Thursday, July 9, 2009

Pasta Salad

Summer is here, school is out, and one thing I do not want to do is spend all day inside. I often don’t even want to come back home in the middle of the day. That means I’m on the constant lookout for fun places to take a 4-year-old and two dogs with a comfortable spot to stop for lunch, and portable, nutritious, filling lunch foods. Last week, we went to Mondadnock Park in Arlington and brought pasta salad. And through a little packing mishap, we discovered that in addition to its other great qualities—can be made up to two days ahead, can be varied enormously to suit the season, fits into easily portable containers, can be repacked easily if you have to shift lunch locations—it is just fine as finger food.

Pasta Salad for 4

1 package of your favorite pasta

1 (8 oz) block mozzarella

½ cup basil

4 carrots

1 cup snap peas, broken in half if they’re big enough

1 cucumber

3-4 green onions

Cook the pasta as directed. Drain and then rinse with cold water. Pour into a large bowl, sprinkle lightly with olive oil, and toss. Cut the cheese and veggies into ½” squares and add to pasta. Make about ½ cup balsamic vinaigrette and toss well. Store in a well-sealed container in the refrigerator 1-2 days. Even if you’re planning on same-day consumption, it’s best if the pasta salad marinates in the dressing for at least a few hours. When you first put it into the container and when you remove it from the fridge, turn it over several times to make sure the dressing is evenly distributed.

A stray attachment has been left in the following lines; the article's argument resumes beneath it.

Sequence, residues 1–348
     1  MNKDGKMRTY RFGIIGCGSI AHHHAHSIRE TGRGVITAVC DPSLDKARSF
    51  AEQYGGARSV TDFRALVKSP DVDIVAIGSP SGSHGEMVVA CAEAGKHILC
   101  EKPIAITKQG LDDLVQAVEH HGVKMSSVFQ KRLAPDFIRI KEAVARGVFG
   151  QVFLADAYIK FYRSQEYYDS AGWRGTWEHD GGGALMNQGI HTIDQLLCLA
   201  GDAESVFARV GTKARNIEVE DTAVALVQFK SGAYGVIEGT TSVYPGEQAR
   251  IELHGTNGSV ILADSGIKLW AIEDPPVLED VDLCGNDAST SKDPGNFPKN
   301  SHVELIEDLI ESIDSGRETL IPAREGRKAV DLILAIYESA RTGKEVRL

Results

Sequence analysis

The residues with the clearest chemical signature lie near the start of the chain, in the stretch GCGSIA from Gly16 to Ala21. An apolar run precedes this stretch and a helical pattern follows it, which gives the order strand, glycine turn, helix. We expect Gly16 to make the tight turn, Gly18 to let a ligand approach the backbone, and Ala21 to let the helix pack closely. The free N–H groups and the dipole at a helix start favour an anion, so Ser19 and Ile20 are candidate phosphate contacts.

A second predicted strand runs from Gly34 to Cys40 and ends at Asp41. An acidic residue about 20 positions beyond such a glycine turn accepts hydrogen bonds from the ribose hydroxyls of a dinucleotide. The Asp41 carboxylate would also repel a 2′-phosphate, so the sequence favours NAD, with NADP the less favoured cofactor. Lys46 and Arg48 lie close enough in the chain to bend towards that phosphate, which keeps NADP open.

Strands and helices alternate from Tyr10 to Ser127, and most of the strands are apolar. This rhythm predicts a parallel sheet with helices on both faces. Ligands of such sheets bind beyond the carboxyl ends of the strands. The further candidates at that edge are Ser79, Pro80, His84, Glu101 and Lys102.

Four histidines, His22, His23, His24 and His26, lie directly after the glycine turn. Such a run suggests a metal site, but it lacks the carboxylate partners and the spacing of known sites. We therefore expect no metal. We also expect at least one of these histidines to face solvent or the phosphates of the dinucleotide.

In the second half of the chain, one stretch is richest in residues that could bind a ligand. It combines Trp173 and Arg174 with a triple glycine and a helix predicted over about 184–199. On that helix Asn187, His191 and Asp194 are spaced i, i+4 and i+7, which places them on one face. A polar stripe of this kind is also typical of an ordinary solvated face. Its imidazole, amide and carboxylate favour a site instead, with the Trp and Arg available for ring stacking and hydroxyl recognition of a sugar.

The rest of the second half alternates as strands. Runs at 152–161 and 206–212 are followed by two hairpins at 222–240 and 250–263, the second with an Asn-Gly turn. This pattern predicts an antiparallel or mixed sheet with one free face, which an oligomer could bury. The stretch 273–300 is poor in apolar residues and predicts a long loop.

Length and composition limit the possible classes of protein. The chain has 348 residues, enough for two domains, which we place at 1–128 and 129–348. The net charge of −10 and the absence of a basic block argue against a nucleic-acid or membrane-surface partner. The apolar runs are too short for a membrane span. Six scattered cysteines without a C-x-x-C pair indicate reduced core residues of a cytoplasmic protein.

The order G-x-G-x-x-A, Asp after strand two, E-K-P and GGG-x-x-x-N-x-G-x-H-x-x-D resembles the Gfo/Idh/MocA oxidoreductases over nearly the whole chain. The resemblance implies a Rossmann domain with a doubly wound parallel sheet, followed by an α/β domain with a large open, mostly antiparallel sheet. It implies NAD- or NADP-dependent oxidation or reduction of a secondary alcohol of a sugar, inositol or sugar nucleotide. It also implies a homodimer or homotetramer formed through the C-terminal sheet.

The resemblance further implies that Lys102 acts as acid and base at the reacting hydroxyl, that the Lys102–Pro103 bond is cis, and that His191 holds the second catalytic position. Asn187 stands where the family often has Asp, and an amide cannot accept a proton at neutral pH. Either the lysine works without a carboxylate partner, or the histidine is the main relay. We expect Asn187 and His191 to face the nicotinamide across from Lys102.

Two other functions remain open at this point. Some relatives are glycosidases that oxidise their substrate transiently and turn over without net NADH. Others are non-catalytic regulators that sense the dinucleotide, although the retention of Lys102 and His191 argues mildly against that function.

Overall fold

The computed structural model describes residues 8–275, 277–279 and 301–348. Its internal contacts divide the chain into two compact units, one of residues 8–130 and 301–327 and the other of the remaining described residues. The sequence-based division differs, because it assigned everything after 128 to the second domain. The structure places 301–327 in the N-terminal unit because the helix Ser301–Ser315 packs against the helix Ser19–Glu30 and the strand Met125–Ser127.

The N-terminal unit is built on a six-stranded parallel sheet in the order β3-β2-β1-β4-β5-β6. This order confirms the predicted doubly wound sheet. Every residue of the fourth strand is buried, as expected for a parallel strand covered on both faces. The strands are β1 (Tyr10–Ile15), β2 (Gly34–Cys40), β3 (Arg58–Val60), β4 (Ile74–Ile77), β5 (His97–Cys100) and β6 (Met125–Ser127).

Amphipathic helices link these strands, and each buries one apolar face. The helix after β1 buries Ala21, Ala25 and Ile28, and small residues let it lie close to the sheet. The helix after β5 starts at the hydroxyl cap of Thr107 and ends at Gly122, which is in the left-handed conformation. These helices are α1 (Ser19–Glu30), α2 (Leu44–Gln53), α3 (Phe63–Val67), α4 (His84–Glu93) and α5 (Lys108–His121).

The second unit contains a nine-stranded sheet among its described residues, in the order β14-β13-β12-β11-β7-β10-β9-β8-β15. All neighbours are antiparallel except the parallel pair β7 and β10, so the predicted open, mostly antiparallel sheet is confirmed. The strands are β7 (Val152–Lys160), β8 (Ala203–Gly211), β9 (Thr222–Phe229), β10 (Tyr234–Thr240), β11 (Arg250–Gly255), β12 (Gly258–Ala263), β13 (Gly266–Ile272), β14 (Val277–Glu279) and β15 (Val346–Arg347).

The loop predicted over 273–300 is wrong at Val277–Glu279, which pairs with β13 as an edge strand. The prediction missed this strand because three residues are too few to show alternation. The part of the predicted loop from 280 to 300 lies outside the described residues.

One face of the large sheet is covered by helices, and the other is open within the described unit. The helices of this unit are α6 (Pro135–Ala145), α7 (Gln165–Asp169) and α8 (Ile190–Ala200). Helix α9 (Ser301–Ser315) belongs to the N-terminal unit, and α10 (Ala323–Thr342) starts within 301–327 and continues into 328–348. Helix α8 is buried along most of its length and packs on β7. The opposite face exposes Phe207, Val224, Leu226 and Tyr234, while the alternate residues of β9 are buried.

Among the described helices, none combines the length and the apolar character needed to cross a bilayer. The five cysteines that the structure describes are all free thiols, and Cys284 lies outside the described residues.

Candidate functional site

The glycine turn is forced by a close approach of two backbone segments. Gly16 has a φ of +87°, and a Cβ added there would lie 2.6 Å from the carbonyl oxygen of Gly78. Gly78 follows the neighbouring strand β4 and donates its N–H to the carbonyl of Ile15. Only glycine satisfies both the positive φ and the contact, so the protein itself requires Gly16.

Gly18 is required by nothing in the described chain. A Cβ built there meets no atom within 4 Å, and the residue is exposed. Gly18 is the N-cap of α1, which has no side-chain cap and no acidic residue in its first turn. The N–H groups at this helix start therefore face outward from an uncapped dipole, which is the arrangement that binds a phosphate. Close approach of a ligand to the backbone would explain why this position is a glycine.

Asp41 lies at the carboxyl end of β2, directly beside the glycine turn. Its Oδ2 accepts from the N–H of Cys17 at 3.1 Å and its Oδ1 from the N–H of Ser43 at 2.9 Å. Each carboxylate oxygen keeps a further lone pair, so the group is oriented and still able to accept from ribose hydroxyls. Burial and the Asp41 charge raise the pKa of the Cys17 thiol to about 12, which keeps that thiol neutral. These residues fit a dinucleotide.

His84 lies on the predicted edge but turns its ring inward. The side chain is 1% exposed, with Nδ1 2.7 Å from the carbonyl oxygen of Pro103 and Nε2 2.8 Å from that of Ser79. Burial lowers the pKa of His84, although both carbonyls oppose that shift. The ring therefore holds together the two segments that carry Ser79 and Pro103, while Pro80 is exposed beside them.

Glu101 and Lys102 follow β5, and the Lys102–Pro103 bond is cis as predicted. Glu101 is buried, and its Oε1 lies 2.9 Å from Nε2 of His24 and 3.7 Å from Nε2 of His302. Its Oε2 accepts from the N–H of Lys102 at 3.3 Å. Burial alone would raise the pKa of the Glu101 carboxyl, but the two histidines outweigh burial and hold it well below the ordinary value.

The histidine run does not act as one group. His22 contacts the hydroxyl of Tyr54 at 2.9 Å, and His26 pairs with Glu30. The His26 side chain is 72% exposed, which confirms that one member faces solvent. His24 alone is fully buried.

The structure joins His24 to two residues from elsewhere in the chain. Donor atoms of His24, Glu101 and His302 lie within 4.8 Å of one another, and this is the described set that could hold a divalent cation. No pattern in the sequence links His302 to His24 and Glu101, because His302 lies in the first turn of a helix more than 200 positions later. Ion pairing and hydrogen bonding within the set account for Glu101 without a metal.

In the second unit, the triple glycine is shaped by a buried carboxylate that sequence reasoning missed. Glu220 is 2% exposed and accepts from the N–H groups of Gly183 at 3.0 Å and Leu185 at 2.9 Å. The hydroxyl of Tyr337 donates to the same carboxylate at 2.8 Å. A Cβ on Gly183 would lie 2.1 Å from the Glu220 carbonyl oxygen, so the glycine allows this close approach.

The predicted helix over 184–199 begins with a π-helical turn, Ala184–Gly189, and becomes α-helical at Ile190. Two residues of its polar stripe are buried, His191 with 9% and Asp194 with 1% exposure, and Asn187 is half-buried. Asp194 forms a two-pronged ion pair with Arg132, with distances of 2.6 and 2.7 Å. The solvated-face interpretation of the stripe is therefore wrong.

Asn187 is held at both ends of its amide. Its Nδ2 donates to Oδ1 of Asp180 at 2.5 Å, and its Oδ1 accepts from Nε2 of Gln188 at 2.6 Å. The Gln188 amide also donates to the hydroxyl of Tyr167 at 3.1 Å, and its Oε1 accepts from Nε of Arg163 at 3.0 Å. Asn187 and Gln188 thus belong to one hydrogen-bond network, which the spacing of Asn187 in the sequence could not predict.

This recipe includes only veggies I found in my garden (basil and peas) or got at the CSA this week. In a few weeks, I’ll have cherry or grape tomatoes (halved) and green beans and a few weeks after that green and then red peppers (of course, somewhere in there the peas will no longer be available). And then in the fall, I can shift to fresh or roasted beets and shallots.

1 comment:

maamypatom said...

how nice that you are eating basil and peas!! How have all the things I transplanted done?? I may get a second flush of snow peas on the plants the deer touched the least--they are flowering now.